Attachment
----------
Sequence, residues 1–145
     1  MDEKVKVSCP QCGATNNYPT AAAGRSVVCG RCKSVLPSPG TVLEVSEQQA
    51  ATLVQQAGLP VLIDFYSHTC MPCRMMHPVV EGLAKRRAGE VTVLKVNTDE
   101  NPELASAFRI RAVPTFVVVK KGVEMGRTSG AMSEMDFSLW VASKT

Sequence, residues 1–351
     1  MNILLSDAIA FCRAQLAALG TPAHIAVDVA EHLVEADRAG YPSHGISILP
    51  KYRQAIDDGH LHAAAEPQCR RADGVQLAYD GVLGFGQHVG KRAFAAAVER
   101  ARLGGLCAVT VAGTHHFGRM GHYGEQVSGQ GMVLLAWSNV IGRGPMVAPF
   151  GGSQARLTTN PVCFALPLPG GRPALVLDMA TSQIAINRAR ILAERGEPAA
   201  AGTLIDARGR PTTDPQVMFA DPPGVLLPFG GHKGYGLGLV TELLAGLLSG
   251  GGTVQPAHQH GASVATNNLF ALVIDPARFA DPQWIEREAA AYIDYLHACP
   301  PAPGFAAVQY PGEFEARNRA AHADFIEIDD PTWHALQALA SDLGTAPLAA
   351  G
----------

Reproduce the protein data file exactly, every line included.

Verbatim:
Sequence, residues 1–145
     1  MDEKVKVSCP QCGATNNYPT AAAGRSVVCG RCKSVLPSPG TVLEVSEQQA
    51  ATLVQQAGLP VLIDFYSHTC MPCRMMHPVV EGLAKRRAGE VTVLKVNTDE
   101  NPELASAFRI RAVPTFVVVK KGVEMGRTSG AMSEMDFSLW VASKT

Sequence, residues 1–351
     1  MNILLSDAIA FCRAQLAALG TPAHIAVDVA EHLVEADRAG YPSHGISILP
    51  KYRQAIDDGH LHAAAEPQCR RADGVQLAYD GVLGFGQHVG KRAFAAAVER
   101  ARLGGLCAVT VAGTHHFGRM GHYGEQVSGQ GMVLLAWSNV IGRGPMVAPF
   151  GGSQARLTTN PVCFALPLPG GRPALVLDMA TSQIAINRAR ILAERGEPAA
   201  AGTLIDARGR PTTDPQVMFA DPPGVLLPFG GHKGYGLGLV TELLAGLLSG
   251  GGTVQPAHQH GASVATNNLF ALVIDPARFA DPQWIEREAA AYIDYLHACP
   301  PAPGFAAVQY PGEFEARNRA AHADFIEIDD PTWHALQALA SDLGTAPLAA
   351  G